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Eye Physicians & Surgeons, PC Office
Decatur Office:
1457 Scott Blvd.
Decatur, Ga. 30030



(404) 292-2500

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North Atlanta Office:
5775 Peachtree Dunwoody Rd.
Peachtree Dunwoody Pavilion
Building D, Suite 175
Atlanta, Ga. 30342

(404) 303-8882

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Diabetic Retinopathy

Diabetic Retinopathy Diabetic retinopathy is a disease that leads to blurry, distorted vision and blindness. It occurs when diabetes weakens blood vessels inside your eye. These weak vessels leak fluid into an area of the eye called the retina. New, distorted vessels may grow, and then bleed. These vessels can damage areas of the retina, causing vision loss.

You can have diabetic retinopathy without knowing it. Usually, there is no pain and no outward sign. Over time, you may notice gradual blurring or some vision loss. Symptoms may come and go. If diabetic retinopathy is severe, you may have clouded vision or blindness.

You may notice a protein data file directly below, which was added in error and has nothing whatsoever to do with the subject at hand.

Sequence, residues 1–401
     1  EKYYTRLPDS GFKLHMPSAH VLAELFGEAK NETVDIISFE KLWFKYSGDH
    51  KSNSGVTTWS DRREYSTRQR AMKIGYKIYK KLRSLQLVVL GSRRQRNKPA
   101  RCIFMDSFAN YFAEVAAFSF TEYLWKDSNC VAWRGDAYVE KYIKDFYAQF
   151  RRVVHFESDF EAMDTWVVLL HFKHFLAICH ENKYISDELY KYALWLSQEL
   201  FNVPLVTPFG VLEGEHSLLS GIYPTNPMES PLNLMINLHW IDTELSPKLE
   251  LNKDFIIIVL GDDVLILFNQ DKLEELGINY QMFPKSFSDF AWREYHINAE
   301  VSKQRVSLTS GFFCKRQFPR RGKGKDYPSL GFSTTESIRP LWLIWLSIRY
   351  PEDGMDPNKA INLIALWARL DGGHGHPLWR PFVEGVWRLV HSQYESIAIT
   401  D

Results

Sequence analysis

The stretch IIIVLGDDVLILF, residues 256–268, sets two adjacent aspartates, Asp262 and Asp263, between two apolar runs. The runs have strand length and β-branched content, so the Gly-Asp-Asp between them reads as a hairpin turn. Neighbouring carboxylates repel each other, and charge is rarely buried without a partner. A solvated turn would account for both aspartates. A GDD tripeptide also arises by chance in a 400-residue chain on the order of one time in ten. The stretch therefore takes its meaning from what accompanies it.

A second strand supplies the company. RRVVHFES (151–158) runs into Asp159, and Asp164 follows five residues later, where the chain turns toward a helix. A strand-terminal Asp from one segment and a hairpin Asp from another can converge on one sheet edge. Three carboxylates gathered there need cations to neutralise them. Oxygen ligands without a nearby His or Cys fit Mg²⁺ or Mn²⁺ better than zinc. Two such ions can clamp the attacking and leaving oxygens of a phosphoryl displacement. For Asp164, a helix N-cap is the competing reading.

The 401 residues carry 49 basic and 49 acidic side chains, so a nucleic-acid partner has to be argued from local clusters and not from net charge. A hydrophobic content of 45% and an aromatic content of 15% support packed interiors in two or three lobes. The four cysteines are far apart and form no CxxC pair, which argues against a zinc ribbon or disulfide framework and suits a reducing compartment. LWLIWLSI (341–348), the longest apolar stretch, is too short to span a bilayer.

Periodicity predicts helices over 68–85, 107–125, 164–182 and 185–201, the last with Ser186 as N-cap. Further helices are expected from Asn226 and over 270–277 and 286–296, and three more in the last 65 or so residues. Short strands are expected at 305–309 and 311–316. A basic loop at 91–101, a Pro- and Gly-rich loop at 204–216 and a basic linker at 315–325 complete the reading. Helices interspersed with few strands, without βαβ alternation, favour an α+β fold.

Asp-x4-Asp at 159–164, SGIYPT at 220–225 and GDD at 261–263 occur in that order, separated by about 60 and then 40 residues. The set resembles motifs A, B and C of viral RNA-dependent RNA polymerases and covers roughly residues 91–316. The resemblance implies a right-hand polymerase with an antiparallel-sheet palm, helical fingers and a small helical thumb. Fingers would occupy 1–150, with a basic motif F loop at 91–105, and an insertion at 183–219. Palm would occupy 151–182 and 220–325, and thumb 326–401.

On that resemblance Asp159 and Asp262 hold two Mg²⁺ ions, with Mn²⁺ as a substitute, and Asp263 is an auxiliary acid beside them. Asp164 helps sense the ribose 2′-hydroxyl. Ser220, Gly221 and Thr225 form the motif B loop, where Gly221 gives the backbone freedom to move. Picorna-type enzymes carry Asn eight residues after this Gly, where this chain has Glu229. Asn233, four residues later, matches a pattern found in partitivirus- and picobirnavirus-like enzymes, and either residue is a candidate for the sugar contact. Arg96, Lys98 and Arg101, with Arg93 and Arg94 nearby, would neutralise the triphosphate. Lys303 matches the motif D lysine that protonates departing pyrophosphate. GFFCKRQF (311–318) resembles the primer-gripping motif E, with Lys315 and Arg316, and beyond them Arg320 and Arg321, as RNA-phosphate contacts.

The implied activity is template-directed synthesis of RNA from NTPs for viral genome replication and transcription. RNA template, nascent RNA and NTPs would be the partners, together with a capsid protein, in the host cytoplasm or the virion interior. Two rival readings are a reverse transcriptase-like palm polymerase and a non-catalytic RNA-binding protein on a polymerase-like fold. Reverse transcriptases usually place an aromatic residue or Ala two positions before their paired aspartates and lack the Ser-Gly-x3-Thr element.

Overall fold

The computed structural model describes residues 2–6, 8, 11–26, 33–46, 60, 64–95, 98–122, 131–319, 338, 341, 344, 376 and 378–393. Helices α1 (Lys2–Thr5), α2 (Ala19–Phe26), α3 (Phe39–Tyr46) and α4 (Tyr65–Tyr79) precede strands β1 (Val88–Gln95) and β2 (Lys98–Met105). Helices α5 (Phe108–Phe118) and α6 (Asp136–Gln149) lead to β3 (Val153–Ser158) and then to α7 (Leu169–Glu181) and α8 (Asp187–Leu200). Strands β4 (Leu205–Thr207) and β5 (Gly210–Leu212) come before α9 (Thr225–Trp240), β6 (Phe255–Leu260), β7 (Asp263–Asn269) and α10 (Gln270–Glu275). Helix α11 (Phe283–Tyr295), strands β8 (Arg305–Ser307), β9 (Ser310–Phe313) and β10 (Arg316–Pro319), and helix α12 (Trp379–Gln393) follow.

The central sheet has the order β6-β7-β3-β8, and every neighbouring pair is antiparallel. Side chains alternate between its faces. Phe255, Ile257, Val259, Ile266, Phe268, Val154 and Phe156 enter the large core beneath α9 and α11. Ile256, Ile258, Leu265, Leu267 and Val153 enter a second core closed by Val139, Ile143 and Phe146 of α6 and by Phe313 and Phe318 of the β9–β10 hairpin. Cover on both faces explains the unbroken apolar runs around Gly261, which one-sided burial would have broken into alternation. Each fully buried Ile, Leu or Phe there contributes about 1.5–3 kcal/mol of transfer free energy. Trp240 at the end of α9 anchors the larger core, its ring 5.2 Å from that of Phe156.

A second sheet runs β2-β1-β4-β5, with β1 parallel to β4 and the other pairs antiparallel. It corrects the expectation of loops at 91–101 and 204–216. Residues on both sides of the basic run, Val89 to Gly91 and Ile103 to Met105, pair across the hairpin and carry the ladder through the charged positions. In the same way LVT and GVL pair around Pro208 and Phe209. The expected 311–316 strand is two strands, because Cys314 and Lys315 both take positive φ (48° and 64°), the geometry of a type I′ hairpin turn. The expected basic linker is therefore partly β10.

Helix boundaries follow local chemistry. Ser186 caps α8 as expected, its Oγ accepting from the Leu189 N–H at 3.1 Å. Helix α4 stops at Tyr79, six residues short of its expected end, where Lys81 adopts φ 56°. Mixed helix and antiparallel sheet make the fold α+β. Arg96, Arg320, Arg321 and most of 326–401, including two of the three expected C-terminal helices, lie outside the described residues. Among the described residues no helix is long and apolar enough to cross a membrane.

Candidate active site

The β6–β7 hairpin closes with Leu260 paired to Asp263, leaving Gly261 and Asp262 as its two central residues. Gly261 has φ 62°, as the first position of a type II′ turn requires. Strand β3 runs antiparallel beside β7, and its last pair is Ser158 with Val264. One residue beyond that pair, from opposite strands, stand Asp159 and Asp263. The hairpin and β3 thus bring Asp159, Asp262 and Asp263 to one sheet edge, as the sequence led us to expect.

Controlling diabetes and other risk factors may prevent or limit retinopathy. Follow your diabetes treatment plan, watch your diet, get regular exercise, take medicines as prescribed, check your blood sugar levels as often as you family doctor suggests. If you smoke, quit. If you have high blood pressure, keep it under control.

Have an eye exam every year or as often as your doctor suggests. During the exam, the doctor asks about your health and family history. This helps him or her know your risk of getting diabetic retinopathy. You may also have tests to measure your vision. Your doctor may dilate your eyes and use special instruments to view and take pictures of your retina. A fluorescein angiogram is a test that uses a special dye to create detailed images of the retina. These images help your doctor decide whether special treatments are needed.

Treatment may help slow the progress of diabetic retinopathy. Sometimes it also restores lost vision. Special treatments can help stop bleeding, slow new vessel growth, and preserve vision. The type of treatment you get depends on your condition. Laser treatment can help stop leaks and limit vessel growth. Surgery can repair a damaged retina. Surgery can also remove the vitreous. This surgery may help if the vitreous becomes filled with blood and obscures your vision.

(Adapted from material copyrighted by Krames, a division of StayWell Company)